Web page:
Journal of Intelligent Learning Systems and Applications, 2012, 4, 274-278

http://dx.doi.org/10.4236/jilsa.2012.44028 Published Online November 2012 (http://www.SciRP.org/journal/jilsa)

Subgraph Matching Using Graph Neural Network

GnanaJothi Raja Baskararaja, MeenaRani Sundaramoorthy Manickavasagam

Department of Mathematics, V. V. Vanniaperumal College for Women, Virudhunagar, India.

Email: gnanajothi_pcs@rediffmail.com, smmeenarani@gmail.com

Received May 4th, 2012; revised August 1st, 2012; accepted August 8th, 2012

ABSTRACT

Subgraph matching problem is identifying a target subgraph in a graph. Graph neural network (GNN) is an artificial

neural network model which is capable of processing general types of graph structured data. A graph may contain many

subgraphs isomorphic to a given target graph. In this paper GNN is modeled to identify a subgraph that matches the

target graph along with its characteristics. The simulation results show that GNN is capable of iden tifying a target sub-

graph in a graph.

Keywords: Subgraph Matching; Graph Neural Network; Backpropagation; Recurrent Neural Network;

Feedforward N eural Net w or k

1. Introduction

In many practical and engineering applications the un-

derlying data are often represented in terms of graphs.

Graphs generally represent a set of objects (nodes) and

their relationships (edges). In an image, nodes represent

the regions of the image that have same intensity or color,

and the edges represent the relationship among these

regions.

Subgraph matching has a number of practical applica-

tions such as object localization and detection of active

parts in a chemical compound. Subgraph matching is

mainly analyzed in object localization problem. For ex-

ample in military areas to identify a particular object, say

tank from a satellite photograph, the whole area can be

converted into a graph with nodes having labels repre-

senting color, area, etc. of the region. The subgraph which

represents a tank can be made identified by subgraph ma-

tching. The suspected area to which a tank belongs can

be restricted and the corresponding restricted graph can

be considered for identification.

F. Scarselli, M. Gori, A. C. Tsoi, M. Hagenbuchner,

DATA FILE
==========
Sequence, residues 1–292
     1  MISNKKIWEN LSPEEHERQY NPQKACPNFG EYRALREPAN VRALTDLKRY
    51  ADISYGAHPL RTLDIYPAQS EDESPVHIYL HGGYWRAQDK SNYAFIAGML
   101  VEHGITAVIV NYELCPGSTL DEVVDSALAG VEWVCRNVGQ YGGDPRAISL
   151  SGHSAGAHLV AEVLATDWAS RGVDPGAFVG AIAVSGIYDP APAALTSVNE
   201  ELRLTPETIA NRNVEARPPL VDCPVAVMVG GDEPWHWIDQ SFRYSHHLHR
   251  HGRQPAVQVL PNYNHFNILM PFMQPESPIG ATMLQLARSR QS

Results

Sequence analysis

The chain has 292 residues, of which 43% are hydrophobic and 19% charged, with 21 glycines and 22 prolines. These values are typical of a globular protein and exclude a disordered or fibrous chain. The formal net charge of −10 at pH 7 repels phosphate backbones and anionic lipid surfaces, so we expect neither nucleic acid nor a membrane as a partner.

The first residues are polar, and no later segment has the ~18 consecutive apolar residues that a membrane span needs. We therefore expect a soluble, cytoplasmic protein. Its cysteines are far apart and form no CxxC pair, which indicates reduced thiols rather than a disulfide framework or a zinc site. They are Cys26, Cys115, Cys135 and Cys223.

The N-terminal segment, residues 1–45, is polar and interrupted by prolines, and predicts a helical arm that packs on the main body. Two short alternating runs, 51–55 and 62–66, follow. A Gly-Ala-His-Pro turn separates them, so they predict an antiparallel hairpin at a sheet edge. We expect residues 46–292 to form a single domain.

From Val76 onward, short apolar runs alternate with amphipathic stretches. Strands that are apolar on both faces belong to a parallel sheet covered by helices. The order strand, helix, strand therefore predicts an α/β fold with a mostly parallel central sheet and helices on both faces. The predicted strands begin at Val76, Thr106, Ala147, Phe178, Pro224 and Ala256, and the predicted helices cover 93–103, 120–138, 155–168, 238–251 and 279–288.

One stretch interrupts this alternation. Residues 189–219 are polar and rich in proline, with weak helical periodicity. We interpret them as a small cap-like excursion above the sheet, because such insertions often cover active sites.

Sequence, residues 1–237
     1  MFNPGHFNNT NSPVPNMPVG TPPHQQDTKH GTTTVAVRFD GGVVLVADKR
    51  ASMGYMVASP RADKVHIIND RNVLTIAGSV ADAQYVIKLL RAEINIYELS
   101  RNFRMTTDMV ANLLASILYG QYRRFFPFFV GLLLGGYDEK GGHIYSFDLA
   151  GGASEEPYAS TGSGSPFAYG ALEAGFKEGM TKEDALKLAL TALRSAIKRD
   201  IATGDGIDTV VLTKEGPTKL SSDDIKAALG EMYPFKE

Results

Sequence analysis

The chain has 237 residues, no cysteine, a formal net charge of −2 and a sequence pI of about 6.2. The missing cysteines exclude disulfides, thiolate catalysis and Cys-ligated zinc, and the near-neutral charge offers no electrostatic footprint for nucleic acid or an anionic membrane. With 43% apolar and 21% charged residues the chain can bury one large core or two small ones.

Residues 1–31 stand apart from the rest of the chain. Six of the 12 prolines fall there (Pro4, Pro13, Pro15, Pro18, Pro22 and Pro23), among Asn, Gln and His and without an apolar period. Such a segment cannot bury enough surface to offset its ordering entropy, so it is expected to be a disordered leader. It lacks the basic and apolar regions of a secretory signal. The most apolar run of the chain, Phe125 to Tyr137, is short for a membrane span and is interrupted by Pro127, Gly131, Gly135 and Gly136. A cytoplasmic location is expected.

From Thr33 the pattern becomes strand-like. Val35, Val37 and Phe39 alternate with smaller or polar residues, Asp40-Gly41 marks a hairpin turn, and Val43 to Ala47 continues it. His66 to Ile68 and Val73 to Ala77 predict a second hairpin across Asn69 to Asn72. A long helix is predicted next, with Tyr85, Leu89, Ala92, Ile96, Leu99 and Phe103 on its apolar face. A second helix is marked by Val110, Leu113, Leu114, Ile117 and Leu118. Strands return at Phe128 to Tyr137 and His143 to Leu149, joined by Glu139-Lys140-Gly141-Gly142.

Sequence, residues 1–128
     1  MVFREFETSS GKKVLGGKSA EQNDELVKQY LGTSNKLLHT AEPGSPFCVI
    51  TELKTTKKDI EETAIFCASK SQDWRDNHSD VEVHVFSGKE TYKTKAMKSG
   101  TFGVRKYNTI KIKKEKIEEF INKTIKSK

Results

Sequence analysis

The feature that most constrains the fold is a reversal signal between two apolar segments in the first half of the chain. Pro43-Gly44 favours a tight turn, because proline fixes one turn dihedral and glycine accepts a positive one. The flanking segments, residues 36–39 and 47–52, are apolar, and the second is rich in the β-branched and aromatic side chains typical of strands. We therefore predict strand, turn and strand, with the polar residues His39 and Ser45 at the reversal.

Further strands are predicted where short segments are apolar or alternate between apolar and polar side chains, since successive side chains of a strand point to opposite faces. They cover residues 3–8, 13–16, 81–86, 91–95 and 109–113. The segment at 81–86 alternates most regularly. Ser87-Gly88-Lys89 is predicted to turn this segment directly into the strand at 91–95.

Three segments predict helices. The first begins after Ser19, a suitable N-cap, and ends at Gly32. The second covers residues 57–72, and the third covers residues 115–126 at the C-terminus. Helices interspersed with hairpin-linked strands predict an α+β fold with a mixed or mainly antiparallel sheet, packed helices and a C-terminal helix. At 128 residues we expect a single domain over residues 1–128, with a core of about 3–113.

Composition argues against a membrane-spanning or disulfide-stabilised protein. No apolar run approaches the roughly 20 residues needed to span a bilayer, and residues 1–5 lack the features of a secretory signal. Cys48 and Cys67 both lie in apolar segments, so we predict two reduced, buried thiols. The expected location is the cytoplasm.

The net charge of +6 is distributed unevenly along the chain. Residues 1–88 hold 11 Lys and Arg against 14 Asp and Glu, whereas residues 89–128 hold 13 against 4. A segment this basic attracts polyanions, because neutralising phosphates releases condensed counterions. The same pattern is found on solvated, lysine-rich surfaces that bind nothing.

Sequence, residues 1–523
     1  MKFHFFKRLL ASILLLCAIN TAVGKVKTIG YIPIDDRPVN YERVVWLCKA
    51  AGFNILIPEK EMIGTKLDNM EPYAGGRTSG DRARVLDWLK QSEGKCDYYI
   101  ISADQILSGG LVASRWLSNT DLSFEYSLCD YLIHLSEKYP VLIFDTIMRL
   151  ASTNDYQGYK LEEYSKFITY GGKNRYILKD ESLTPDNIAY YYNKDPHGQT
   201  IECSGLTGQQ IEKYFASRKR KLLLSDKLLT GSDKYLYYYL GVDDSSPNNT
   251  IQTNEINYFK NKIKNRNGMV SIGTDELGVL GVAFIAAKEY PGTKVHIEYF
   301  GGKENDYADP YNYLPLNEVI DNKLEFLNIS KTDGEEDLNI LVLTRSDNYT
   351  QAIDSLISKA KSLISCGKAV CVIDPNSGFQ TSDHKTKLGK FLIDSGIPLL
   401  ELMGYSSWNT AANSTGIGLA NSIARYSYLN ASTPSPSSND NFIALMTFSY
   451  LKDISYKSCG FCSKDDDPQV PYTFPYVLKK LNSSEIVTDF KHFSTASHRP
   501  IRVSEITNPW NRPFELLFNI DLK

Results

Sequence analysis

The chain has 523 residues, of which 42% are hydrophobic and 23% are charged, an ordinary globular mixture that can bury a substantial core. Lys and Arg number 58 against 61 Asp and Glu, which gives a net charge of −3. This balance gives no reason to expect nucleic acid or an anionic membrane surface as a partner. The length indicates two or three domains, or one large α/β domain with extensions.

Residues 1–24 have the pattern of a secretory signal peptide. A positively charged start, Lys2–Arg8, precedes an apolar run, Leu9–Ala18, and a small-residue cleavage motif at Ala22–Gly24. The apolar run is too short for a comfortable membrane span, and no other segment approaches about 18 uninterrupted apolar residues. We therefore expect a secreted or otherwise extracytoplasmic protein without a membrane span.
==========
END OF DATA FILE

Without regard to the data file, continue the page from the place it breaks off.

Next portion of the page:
and G. Monfardini have proposed a GNN structure which

can be considered as an extension of recurrent neural net-

work (RNN) to process very general types of graphs. The

GNN model implements a function

that maps a graph

G into an m-dimensional Euclidean space. The function

depends on the node, so that the classification depends

on the properties of the node. F. Scarselli, M. Gori, A. C.

Tsoi, M. Hagenbuchner, and G. Monfardini have ap-

plied GNN to different types of problems such as

Mutagenesis problem [1], subgraph matching problem

[1], Clique problem [2], Half Hot problem [2], and Tree

depth problem [2]. A. Pucci, M. Gori, M. Hagenbuchner,

F. Scarselli, and A. C. Tsoi [3] have applied GNN to the

movie lens data set and have discussed the problems and

limitations encountered by GNN while facing this par-

ticular practical problem. A comparison between GNN

and RNN is made by V. Di Massa, G. Monfardini, L.

Sarti, F. Scarselli, M. Maggini, and M. Gori [4] and they

have shown that problem GNNs outperforms RNNs in an

experimental comparision on an image classification.

In the subgraph matching problem discussed by F.

Scarselli, M. Gori, A. C. Tsoi, M. Hagenbuchner, and G.

Monfardini [1], the goal of the problem is to identify all

the nodes of a larger graph which also belong to the con-

sidered subgraph. In this paper, the train ed GNN is iden-

tifying a subgraph that matches the target graph along

with its characteristics.

The structure of the paper is organized as follows:

Section 2 describes GNN in the linear case, Section 3

explains subgraph matching problem, Section 4 gives the

proposed algorithm for generating the graphs and identi-

fying the subgraph in the training data. Experimental

results and discussion are given in Section 5.

2. Graph Neural Networks

A graph G = (V,E), where V is a set of points called

nodes, and E is a collection of arcs connecting two nodes

of V. Let ne[n] be the set of nodes connected to the node

n by arcs in E. Figure 1 represents example graph with 5

nodes. The nodes of G are attached with random label

c

n

lR

. A state vector

n

R

is attached to each node n,

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